KENNETH STARRETT APPELLANT v. CRYSTAL DUNN APPELLEE

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Court of Appeals of Kentucky.

KENNETH STARRETT APPELLANT v. CRYSTAL DUNN APPELLEE

NO. 2010-CA-000514-ME

Decided: March 11, 2011

BEFORE:  LAMBERT AND MOORE, JUDGES;  ISAAC, Double SENIOR JUDGE. BRIEF FOR APPELLANT:  Kenneth Starrett, pro se LaGrange, Kentucky BRIEF FOR APPELLEE:  No appellee brief filed.

NOT TO BE PUBLISHED

OPINIONAFFIRMING

Kenneth Starrett, pro se, appeals from an order denying his motion for visitation with his minor child.   He argues that the trial court failed to make a finding that visitation would seriously endanger the child.   We affirm.

Starrett and Crystal Dunn are the parents of a minor child, K.S., who is two years old.   Starrett is currently serving a ten-year sentence after pleading guilty to four counts of third-degree rape and two counts of third-degree sodomy.   Starrett filed a motion for visitation with the child while he is incarcerated.   Following a hearing at which Starrett participated via telephone, the trial court denied the motion.   This appeal followed.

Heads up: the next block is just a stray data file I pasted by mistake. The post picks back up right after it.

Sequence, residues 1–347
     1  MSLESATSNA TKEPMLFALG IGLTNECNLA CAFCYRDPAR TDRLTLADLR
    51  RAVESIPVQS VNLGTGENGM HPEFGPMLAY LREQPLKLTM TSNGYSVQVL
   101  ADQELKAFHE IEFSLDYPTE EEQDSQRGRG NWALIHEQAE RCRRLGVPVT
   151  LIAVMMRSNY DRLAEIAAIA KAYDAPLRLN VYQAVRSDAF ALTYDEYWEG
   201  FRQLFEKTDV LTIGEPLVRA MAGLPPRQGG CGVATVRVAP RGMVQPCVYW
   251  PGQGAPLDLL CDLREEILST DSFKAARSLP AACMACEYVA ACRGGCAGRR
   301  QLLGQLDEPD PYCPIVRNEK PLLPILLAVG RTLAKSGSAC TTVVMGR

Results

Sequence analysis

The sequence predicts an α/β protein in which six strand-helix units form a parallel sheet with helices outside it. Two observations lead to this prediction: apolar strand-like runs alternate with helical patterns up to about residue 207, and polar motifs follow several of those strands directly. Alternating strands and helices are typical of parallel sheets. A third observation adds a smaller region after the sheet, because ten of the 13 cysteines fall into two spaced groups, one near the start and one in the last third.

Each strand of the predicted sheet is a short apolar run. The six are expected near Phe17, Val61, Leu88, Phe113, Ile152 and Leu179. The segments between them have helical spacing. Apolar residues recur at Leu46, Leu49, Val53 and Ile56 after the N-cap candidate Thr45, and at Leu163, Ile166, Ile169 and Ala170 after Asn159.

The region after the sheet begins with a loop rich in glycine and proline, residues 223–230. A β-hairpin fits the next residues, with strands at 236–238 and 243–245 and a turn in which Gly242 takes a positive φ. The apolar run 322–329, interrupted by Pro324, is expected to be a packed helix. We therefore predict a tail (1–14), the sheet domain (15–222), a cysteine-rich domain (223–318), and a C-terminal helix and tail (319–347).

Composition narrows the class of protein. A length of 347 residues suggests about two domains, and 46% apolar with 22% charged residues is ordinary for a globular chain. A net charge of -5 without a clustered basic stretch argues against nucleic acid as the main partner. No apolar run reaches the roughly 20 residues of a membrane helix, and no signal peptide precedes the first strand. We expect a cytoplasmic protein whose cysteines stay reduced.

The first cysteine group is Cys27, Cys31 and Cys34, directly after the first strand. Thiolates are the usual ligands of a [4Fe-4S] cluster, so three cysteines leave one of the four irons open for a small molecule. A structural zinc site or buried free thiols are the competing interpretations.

As a preliminary matter, we note that no appellee brief was filed.   Kentucky Rule(s) of Civil Procedure (CR) 76.12(8)(c) provides this Court with discretionary penalties for the failure to file a brief.   However, in view of the circumstances of this case, we decline to penalize Dunn and instead address the issue presented on the merits.

Starrett argues that the trial court failed to make a finding that visitation would seriously endanger the child.   We disagree.

In this jurisdiction, noncustodial parents have a strong right to visitation with their child, unless, after a hearing, a court determines that visitation would seriously endanger the child.  Smith v. Smith, 869 S.W.2d 55 (Ky.App.1994).   The trial court held a hearing and based the denial of visitation upon the age of the child, the distance between the prison and the child's home, the history of domestic violence in the family, the inability of the mother to transport the child to the prison, and the nature of Starrett's crimes.   Starrett has not challenged these findings.   We conclude that the findings properly supported the trial court's conclusion that visitation would seriously endanger the child.   The trial court did not abuse its discretion.

Accordingly, the order of the Jefferson Circuit Court is affirmed.

ALL CONCUR.

ISAAC, SENIOR JUDGE: